Bitcoin soared through much of 2021, helped on by the likes of Tesla TSLA and El Salvador embracing the cryptocurrency (though Tesla CEO Elon Musk is increasingly backing the meme-based dogecoin).
The bitcoin price, hitting an all-time high of almost $70,000 per bitcoin in November, has since crashed back, losing around 40% of its value and wiping $1 trillion from the combined crypto market.
Now, Wall Street giant Fidelity has said other countries and even a central bank could follow El Salvador and Tesla into bitcoin this year—predicting those that buy bitcoin while the price is low “will be better off competitively than their peers.”
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“There is very high stakes game theory at play here, whereby if bitcoin adoption increases, the countries that secure some bitcoin today will be better off competitively than their peers,” Fidelity analysts Chris Kuiper and Jack Neureuter wrote in a note, adding they “wouldn’t be surprised to see other sovereign nation states acquire bitcoin in 2022 and perhaps even see a central bank make an acquisition.”
“I agree with Fidelity, of course, but still astonishing to read this on bitcoin adoption game theory in such a mainstream financial report,” bitcoin advocate Alex Gladstein, chief strategy officer at the Human Rights Foundation, said via Twitter.
In September, El Salvador made bitcoin its official currency alongside the U.S. dollar and began buying bitcoin. This year, the country has said it will buy another $500 million worth of bitcoin, funded by the issuance of $1 billion worth of tokenized bonds, and plans to create an ultra low tax “Bitcoin City.”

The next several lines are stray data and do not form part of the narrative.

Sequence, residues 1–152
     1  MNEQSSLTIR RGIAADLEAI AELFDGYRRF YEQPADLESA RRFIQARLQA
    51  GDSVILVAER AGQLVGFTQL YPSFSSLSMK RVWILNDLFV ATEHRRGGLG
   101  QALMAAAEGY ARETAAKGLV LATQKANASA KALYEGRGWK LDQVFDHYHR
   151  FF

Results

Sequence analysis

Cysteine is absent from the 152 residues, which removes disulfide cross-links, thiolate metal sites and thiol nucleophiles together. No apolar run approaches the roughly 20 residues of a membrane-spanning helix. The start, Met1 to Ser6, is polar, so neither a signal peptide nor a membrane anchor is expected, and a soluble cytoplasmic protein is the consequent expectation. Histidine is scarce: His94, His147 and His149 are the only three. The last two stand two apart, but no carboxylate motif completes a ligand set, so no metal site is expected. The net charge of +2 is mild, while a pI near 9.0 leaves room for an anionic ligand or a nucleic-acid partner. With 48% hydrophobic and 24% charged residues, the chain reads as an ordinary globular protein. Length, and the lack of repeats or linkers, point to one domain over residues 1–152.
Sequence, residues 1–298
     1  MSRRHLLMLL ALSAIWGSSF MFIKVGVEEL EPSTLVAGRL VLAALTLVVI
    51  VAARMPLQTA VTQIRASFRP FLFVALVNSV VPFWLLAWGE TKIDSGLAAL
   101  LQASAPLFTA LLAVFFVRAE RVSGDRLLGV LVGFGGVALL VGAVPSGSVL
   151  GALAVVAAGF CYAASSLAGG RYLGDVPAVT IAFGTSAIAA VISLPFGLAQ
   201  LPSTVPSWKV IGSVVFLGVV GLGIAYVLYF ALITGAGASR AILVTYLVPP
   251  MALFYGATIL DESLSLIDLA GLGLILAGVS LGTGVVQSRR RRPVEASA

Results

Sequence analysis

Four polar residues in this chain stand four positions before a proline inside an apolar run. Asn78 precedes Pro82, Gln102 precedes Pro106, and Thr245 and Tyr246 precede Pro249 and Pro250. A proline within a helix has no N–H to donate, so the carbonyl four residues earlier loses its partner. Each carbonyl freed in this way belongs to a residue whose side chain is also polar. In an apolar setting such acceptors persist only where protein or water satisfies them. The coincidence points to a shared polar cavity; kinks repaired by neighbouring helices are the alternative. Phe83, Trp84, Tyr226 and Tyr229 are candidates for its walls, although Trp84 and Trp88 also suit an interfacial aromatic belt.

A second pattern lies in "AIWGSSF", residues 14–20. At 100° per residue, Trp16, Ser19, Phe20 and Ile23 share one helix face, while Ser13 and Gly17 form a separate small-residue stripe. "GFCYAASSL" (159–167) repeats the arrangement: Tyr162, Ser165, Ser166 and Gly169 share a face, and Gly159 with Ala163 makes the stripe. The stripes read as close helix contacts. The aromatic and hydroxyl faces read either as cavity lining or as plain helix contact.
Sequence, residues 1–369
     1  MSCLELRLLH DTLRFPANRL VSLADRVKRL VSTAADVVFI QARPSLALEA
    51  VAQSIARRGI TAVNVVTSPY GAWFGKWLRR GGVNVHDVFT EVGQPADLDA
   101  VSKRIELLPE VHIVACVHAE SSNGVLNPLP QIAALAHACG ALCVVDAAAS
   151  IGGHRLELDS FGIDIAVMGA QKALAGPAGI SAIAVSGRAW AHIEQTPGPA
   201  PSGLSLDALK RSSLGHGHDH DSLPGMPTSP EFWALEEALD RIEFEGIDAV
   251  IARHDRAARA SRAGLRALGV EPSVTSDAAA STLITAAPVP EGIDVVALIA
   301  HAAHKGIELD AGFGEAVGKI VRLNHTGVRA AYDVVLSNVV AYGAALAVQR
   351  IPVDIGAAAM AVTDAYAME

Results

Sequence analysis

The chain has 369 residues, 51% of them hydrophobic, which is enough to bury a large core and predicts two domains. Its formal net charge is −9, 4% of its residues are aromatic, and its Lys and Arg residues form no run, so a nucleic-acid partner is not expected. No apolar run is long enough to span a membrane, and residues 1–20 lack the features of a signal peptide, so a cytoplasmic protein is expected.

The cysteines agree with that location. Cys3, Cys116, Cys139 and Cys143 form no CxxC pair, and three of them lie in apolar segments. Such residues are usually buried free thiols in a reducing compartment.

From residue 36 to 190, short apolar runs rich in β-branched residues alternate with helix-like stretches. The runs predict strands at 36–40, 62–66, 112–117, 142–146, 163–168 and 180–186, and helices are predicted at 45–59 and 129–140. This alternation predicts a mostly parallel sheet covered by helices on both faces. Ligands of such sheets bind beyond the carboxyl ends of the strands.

Politicians in other countries are watching El Salvador’s bitcoin experiment for signs of success and some have said they’d consider a similar move if it pays off.
This week, the mayor of Rio de Janeiro reportedly said he plans to allocate 1% of the city’s treasury reserves to cryptocurrencies while in the U.S. the mayor of Miami, Francis Suarez, last year said he wants to put some of the city’s treasury into bitcoin.
Meanwhile, Elon Musk’s Tesla followed business software company MicroStrategy MSTR in adding bitcoin to its corporate treasury last year, kicking off a wave of similar corporate acquisitions.
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“Even if other countries do not believe in the investment thesis or adoption of bitcoin, they will be forced to acquire some as a form of insurance,” the Fidelity analysts wrote. “In other words, a small cost can be paid today as a hedge compared to a potentially much larger cost years in the future.”
The bitcoin price has surged almost 400% since this time two years ago, with the combined crypto market soaring from around $200 billion to $2 trillion. However, the bitcoin price remains highly volatile, twice last year crashing 40% from its peaks even as Wall Street analysts are forecasting increased bitcoin and crypto adoption.
Bitcoin and cryptocurrencies are set for greater acceptance from mainstream investors and companies this year, JPMorgan JPM equity research analyst Kenneth Worthington wrote in a note to clients last week, it was reported by Coindesk.
Bitcoin is “particularly well-designed as a modern store of value, and the strong design has contributed to the increased confidence in and value of bitcoin,” Worthington wrote, predicting 2022 will be “the year of the blockchain bridge (driving greater interoperability of various chains) or the year of financial tokenization.”